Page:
Vapotherm, Inc. (NYSE: VAPO), a global medical technology company focused on the development and commercialization of its proprietary Hi-VNI® Technology products that are used to treat patients of all ages suffering from respiratory distress, today announced the release of the next generation of its capital unit: the Precision Flow Hi-VNI system. For this generation of the Precision Flow® system, both the hardware and software have been updated to improve reliability, and to comply with the EMC 4th Edition requirements for medical devices, IEC 60601-1-2:2014.
As with all the other models of the Precision Flow system, this generation provides Hi-VNI Technology, the innovation that delivers Mask-Free NIV™ for spontaneously breathing patients. “We’re excited to offer this next generation of the Precision Flow system to our customers,” said Joe Army, CEO. “We remain dedicated to continuous improvement in the products and services we offer our customers and patients and these improvements deliver on that commitment.”
In 2018, the U.S. Food and Drug Administration (FDA) granted the Precision Flow Hi-VNI system a new product category and product code (QAV). The FDA also granted an expanded indication for the system that states it may be used to augment breathing of spontaneously breathing patients suffering from respiratory distress in a hospital setting. This patient population is similar to that treated by other forms of non-invasive ventilation, making the Precision Flow Hi-VNI system a viable alternative to Non-invasive Positive Pressure Ventilation (NiPPV) for most patients.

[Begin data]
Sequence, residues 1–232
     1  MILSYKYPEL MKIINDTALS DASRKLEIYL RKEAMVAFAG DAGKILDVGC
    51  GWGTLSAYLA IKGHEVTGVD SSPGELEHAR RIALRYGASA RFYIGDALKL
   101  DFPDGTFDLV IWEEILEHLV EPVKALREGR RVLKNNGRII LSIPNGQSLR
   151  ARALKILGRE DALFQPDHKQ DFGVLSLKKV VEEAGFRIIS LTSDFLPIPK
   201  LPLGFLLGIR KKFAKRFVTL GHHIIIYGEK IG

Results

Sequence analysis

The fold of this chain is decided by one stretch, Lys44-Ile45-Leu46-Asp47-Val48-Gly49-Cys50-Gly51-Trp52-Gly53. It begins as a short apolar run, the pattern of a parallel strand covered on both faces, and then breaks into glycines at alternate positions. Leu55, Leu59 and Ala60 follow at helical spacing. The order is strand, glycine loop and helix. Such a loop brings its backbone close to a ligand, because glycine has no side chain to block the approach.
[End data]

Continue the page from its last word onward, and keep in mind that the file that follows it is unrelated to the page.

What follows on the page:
Note: Hi-VNI® Technology is mask-free noninvasive ventilation for spontaneously breathing patients and a front-line tool for relieving respiratory distress—including hypercapnia, hypoxemia, and dyspnea. It allows for the fast, safe treatment of undifferentiated respiratory distress with one simple tool. Hi-VNI Technology’s mask-free interface delivers optimally conditioned breathing gases, making it comfortable for patients and reducing the risks and care complexities associated with mask therapies. While being treated, patients can talk, eat, drink and take medication.